In this context, a set of initiatives were launched with the aim of producing more coherent and evidence-based policies informed by national, regional and international stakeholders. The Climate Change Initiative (CCI) was launched by Cyprus and approved by the Council of Ministers of the Republic of Cyprus in March 2019. This is a governmental initiative for coordinating regional actions to mitigate and adapt the impact of global warming. The recent report has produced important findings and recommendations. One notable recommendation concerns gender-responsive adaptation policies and identifying the constraints on promoting gender equality in climate change responses[9].


The Cyprus Institute’s Climate Change Initiative in the EMME region

Cyprus’ leading role in for tackling the climate crisis was highlighted at the 2nd International Conference on “Climate Change in the Eastern Mediterranean and the Middle East EMME region” staged in October 2021 within the framework of the Cypriot government’s initiative for coordinating climate change actions in the EMME. The Climate Change Initiative (CCI) has yielded impressive scientific background work produced by thirteen scientific task forces and around 240 scientists from the EMME region. Effective policy measures and adaptation policies based on solid scientific facts and mature technologies have been proposed.


One of the thirteen task forces was the Water Resources Task Force, which concluded their report in December 2021. The report recommended strengthening the cooperation between countries in the EMME region in the field of shared water resources, both surface and groundwater. In this respect, the Cyprus Institute (CyI), whose CCI priorities include conflict resolution aimed at the sustainable management of transboundary water basins and aquifers, recognized that it could generate opportunities for cooperation with and between riparian countries.


The CCI includes a range of partnerships to allow for the creation of an integrated and concerted action. These include the EMME Hydrodiplomacy Partnership Program (HPP) launched in 2021 at the 2nd International Conference on Climate Change, which took place in Paphos, Cyprus, on 12–14 October 2021.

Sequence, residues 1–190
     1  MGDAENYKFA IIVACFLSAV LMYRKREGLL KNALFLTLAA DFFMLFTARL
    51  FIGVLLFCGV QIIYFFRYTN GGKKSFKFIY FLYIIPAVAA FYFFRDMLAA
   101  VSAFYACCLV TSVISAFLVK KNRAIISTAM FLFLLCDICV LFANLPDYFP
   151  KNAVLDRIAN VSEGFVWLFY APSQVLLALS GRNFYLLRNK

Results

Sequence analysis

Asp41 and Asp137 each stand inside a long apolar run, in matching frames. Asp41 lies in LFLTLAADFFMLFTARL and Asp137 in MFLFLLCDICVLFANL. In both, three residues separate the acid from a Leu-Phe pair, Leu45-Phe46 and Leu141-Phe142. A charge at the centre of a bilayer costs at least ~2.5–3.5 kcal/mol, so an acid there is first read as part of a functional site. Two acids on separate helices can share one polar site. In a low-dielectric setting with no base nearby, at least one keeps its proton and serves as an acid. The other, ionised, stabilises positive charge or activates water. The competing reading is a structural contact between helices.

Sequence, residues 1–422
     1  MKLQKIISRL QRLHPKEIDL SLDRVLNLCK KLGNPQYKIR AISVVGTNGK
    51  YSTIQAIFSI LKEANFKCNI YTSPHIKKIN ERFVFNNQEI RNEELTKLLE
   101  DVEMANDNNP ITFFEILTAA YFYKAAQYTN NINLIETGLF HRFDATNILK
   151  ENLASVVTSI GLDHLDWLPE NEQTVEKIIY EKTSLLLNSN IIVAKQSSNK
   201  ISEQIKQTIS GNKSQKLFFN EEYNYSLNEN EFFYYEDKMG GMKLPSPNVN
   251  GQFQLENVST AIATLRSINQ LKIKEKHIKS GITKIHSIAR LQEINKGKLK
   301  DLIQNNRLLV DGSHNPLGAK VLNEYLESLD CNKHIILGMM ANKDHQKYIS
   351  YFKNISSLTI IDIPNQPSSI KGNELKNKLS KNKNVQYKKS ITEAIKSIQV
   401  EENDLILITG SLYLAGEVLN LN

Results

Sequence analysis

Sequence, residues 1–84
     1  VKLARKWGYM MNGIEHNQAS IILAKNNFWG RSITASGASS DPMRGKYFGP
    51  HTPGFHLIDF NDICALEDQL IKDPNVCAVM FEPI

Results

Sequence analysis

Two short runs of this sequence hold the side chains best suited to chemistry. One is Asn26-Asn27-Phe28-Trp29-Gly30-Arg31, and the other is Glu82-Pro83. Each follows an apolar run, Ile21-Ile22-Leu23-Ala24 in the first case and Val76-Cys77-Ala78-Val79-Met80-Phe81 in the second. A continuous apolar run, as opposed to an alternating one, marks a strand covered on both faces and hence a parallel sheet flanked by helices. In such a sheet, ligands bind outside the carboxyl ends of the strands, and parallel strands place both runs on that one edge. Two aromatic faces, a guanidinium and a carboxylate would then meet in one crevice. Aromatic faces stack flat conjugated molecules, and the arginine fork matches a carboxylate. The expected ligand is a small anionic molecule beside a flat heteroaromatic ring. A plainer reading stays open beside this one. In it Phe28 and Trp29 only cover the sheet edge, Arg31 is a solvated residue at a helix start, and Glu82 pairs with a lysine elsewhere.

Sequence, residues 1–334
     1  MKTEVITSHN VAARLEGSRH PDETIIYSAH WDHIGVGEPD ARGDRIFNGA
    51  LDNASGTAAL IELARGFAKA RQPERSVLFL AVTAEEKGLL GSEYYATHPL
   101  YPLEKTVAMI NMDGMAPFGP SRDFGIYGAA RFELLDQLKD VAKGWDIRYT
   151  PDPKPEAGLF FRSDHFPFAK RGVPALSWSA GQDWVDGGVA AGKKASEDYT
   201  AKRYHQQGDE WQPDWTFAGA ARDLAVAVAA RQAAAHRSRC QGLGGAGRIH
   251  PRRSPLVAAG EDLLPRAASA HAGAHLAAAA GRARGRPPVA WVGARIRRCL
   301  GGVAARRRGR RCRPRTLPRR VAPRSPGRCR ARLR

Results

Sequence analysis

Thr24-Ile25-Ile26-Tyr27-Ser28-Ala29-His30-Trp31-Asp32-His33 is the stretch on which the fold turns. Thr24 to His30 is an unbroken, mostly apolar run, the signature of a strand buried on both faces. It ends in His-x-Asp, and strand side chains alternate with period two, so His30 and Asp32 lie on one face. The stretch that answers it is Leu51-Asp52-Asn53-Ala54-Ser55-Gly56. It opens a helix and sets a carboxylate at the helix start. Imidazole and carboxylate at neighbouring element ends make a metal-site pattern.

The Cyprus Institute’s Hydrodiplomacy Partnership Program (HPP)

The HPP was endorsed and launched in March 2022 at the World Water Day conference staged at the CyI premises in Nicosia. The participants from the EMME region signed the World Water Day Declaration in which they acknowledged the Cyprus Institute’s initiative for a Hydrodiplomacy Partnership Programme and agreed to do the following: promote the hydrodiplomacy framework; raise awareness among decision-makers in countries where there is a need for capacity building; and develop guidelines for Transboundary Basin Management. Recognizing that conflict resolution between riparian states should be addressed from the perspective of “water for peace” rather than “war for water” is key.

As a scientific hub of excellence, the Cyprus Institute is leading a new project for the Mediterranean region.

Moreover, as a scientific hub of excellence, the Cyprus Institute is leading a new project for the Mediterranean region: WEFE4MED. The project seeks to foster the adoption of a Water-Energy-Food Ecosystems nexus Approach in the Mediterranean through the establishment of a Nexus Community of Practice (NCoP) to confront the climatic and environmental challenges facing societies and agro-ecological systems.


Hydrodiplomacy at a glance: a framework for building regional cooperation

Hydrodiplomacy is a tool for applying integrated water resource management at a national and transboundary level, in accordance with a cooperative model seeking peace among riparian countries.


This cooperative approach in managing transboundary water leads to sustainable economic benefits for all riparian countries and will eventually help the Sustainable Development goals (SDG2, 6, 7) to be met.


The hydrodiplomacy framework seeks to build a new form of governance geared towards building peace, a process for mediation or negotiation which targets water-conflict resolution and the sustainable management of international water. This could be achieved through active cooperation between riparian countries, instead of relying on the “Harmon Doctrine” approach to shared water resources, which underlines the absolute sovereignty of a riparian country over the shared basin.

Hydrodiplomacy mobilizes technical, institutional and diplomatic expertise.

To achieve its purposes, hydrodiplomacy mobilizes technical, institutional and diplomatic expertise. It brings together diplomats, scientists, academics and policy makers who cooperate with a view to achieving Integrated Water Resources Management (IWRM) at a transboundary basins level. This innovative approach will help bring about an equitable and reasonable use of water, achieving mutual success and a win-win situation between shared water basins and riparian countries.


As a first step, the approach is purely technical. Sharing scientific data is essential and has to be approved by all riparian countries. It is also necessary to have the technological tools required to build water databases to produce simulations for future demand management which take global changes into account. These changes will provoke extreme weather events that will require resilient adaptation plans capable of countering these recurrent natural phenomena. Smart water management is an important tool to ensure the effective and optimal management of shared water resources.